CHICAGO — An annual ranking of public park systems across the U.S. has dropped Chicago from #6 to #12 after knocking the city for a reduction in its average spending on parks and available amenities.

The Trust for Public Land (TPL) scores and ranks the park systems of the 100 most populous U.S. cities each year by comparing five park categories: acreage, access, equity, investment, and amenities. All five categories are scored on a 100 point scale and weighted equally into the final average, which becomes TPL’s ParkScore® for that city.

Chicago’s 2022 ParkScore was 76.8 out of 100 while its 2023 ParkScore is 72.6.

Of the 3.6 overall points lost, 2.2 came from a reduction in the amount of money spent on parks per resident, which dropped from $182 in 2022 to $178, according to TPL’s data. The other 1.6 lost points primarily came from a reduction in available park amenities per capita; namely restrooms and basketball hoops.

The year-over-year changes aside, Chicago’s ParkScore suffers most from the category of acreage. According to TPL’s data, the city’s median park size of 2.2 acres is well below the 5.4 acre average among the 100 most populous cities. That subcategory of park size only scores 16 out of 100 points, with the acreage category only garnering 32 of 100.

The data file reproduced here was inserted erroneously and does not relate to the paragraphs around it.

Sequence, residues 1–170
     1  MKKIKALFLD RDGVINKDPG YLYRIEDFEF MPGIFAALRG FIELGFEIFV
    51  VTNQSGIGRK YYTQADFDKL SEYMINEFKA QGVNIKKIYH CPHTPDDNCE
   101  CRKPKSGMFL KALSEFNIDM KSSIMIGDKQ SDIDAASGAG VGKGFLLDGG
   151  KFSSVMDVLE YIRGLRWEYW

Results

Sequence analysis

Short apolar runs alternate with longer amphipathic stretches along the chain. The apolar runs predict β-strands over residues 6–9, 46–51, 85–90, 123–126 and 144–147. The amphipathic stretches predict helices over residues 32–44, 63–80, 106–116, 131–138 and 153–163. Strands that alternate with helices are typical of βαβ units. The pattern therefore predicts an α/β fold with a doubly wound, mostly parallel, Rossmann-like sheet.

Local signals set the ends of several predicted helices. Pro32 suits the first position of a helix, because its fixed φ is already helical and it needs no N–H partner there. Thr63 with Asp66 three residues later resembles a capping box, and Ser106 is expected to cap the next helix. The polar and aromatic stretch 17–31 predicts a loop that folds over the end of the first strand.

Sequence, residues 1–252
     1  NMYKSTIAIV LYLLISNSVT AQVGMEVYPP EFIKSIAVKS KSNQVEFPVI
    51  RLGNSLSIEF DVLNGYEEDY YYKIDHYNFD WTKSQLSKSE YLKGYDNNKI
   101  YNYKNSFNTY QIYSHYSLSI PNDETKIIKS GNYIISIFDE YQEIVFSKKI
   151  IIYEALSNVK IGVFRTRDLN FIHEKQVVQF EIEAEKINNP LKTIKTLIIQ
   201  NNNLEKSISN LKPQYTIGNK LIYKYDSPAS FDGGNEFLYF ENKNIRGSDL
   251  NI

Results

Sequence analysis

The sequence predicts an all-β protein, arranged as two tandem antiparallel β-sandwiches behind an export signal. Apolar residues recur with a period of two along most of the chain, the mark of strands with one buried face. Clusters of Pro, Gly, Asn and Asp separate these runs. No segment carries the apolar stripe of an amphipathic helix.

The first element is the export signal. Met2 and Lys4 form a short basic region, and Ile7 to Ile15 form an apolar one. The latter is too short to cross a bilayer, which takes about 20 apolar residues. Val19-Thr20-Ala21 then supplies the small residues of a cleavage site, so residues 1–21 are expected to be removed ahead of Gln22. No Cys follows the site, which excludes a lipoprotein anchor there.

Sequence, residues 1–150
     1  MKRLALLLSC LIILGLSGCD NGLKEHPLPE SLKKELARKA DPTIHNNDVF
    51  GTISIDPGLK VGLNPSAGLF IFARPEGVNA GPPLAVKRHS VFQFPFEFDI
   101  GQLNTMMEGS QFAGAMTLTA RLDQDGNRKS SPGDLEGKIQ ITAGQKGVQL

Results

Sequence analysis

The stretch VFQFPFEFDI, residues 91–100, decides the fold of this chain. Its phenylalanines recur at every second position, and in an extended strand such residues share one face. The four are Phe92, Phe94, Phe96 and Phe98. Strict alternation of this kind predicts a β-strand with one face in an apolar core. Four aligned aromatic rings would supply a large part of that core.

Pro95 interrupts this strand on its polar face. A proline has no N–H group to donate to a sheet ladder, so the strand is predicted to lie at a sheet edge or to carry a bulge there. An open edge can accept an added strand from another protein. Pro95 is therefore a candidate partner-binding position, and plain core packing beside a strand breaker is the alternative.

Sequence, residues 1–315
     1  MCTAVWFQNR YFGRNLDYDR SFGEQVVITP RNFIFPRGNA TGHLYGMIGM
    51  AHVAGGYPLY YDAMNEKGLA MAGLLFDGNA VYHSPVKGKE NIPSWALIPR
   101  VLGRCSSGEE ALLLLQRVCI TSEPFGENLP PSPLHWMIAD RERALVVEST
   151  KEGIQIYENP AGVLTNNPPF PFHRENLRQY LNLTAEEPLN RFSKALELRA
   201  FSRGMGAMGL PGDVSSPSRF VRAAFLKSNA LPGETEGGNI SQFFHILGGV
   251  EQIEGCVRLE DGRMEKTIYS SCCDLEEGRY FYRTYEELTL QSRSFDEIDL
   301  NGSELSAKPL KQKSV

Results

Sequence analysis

Scores for the other four categories are: access 98, equity 89, investment 80, and amenities 64.

Wondering what the #1 city is according to TPL? Washington, D.C. with a ParkScore of 84.9 out of 100.

See the full data set for the 2023 rankings here, and the 2022 rankings here.

Full list of categories and subcategories used to determine the ParkScore:

– Median park size
– Parkland as a percent of city area

– Percent of residents within a 10-minute walk to a park

– % of people of color within a 10-minute walk to a park
– % of low-income households within a 10-minute walk to a park
– Neighborhoods of color have x% more or less park space than white neighborhoods
– Low-income neighborhoods have x% more or less park space than high-income neighborhoods

– Spending per resident

– Basketball hoops per 10,000 residents
– Dog parks per 100,000 residents
– Playgrounds per 10,000 residents
– Recreation & senior centers per 20,000 residents
– Restrooms per 10,000 residents
– Splashpads & spraygrounds per 100,000 residents